“It’s the names and the stars,” said Jack Nicklaus, the 18-time major golf champion, who was at Wimbledon this week and watched the Bryans play. “The singles players are really good, no question about that. If the doubles players were good enough, they’d be playing singles. To a large degree, I think that’s the way most people look at it.”
Though it struggles for air time, doubles can be plenty entertaining — the last bastion of 21st-century tennis where a net game, teamwork and a couple of reflex volleys can still carry the day. Nearly two-thirds of frequent recreational players in the U.S. play doubles, according to the most recent study by the U.S. Tennis Association. At the pro level, it can be quite an entertaining show, as was the brothers’ 6-7 (4), 6-4, 6-3, 5-7, 6-3 victory Thursday over the newly formed team of India’s Rohan Bopanna and France’s Edouard Roger-Vasselin.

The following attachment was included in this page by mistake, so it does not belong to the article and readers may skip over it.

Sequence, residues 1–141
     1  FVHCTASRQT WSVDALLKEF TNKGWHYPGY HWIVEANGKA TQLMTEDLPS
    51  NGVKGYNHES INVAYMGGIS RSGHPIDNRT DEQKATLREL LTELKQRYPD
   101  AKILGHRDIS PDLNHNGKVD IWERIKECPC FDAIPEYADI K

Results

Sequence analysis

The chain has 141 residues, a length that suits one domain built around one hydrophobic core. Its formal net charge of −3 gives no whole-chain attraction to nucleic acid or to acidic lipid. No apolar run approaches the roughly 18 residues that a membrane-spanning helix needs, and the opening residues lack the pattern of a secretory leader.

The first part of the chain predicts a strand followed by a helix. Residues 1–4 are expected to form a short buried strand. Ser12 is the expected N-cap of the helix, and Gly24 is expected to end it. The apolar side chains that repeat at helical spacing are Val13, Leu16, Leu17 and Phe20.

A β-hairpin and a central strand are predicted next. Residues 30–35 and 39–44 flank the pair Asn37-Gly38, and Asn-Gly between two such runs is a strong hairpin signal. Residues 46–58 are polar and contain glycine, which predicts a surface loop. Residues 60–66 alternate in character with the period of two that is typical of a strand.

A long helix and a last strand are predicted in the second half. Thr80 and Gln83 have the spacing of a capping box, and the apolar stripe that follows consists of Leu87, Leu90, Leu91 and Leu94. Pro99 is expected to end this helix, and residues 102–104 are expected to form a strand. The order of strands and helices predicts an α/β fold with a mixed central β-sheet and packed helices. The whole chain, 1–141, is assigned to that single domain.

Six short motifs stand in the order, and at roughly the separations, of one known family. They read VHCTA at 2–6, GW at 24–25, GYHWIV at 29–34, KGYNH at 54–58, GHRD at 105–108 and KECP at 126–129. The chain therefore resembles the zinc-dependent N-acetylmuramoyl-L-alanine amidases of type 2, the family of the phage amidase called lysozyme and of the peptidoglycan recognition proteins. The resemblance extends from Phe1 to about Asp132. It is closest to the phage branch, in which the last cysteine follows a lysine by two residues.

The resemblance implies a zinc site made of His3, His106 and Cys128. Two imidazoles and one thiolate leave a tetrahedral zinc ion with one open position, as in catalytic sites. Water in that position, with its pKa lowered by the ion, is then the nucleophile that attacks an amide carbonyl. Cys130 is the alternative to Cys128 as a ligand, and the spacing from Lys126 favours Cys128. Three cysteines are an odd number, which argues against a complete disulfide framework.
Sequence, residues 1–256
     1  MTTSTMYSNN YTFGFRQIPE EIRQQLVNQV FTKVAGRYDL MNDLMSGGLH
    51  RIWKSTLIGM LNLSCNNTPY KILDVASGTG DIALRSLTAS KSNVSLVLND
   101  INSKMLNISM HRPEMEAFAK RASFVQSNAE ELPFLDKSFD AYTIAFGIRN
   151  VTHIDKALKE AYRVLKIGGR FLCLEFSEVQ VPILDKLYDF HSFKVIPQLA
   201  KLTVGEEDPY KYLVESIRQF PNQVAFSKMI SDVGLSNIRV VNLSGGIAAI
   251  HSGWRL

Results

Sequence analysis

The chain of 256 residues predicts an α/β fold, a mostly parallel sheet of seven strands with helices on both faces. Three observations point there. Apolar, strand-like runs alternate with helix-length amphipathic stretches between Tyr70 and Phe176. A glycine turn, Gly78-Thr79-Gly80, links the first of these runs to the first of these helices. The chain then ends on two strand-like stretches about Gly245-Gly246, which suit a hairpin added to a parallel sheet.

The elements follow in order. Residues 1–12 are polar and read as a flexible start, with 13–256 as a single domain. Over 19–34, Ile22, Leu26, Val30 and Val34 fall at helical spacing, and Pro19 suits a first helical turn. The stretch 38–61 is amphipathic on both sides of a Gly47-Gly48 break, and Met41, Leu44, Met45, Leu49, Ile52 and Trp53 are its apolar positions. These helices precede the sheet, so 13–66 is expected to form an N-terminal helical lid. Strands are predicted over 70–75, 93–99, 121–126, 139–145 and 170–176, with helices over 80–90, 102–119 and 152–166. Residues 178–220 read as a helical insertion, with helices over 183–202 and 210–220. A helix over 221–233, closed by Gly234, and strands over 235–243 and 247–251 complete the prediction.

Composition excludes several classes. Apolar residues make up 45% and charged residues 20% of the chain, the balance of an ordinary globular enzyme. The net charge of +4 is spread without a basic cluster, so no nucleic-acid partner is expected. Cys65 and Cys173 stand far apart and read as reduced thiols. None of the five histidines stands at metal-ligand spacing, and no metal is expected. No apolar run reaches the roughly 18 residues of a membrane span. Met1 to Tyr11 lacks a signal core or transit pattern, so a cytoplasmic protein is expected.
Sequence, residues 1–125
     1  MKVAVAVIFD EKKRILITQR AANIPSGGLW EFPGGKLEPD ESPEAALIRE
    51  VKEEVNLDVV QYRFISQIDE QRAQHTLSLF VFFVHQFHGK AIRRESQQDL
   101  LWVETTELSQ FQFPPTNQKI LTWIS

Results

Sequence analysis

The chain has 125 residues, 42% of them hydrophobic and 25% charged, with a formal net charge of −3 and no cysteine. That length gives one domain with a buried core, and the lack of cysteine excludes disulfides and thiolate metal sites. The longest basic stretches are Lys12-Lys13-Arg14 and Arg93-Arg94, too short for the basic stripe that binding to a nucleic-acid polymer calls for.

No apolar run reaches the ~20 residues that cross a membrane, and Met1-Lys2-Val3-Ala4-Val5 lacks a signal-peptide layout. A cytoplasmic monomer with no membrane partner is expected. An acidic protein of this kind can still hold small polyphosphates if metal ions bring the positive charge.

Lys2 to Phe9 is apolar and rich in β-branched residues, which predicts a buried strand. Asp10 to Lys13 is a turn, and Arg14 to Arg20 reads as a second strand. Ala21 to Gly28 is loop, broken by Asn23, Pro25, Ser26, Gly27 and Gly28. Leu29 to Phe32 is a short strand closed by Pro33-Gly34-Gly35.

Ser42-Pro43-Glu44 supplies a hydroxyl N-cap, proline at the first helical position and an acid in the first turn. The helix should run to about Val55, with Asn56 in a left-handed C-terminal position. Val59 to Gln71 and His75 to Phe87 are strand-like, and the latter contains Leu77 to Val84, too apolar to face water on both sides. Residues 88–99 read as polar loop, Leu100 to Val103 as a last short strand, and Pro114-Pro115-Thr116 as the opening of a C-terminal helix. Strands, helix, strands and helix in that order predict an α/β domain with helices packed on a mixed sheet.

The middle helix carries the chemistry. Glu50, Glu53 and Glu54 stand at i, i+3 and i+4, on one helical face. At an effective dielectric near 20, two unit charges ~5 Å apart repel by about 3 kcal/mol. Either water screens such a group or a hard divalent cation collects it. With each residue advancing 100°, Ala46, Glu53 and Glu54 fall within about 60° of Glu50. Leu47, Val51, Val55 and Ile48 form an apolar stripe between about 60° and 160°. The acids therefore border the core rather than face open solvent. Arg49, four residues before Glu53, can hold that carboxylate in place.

“I think they get overlooked and I think the top current singles players very, very seldom play doubles,” said Pam Shriver, whose 81⁄2-year partnership with Martina Navratilova produced 20 Grand Slam titles. “I think doubles have always taken a back seat since Open tennis and prize money settled it all.”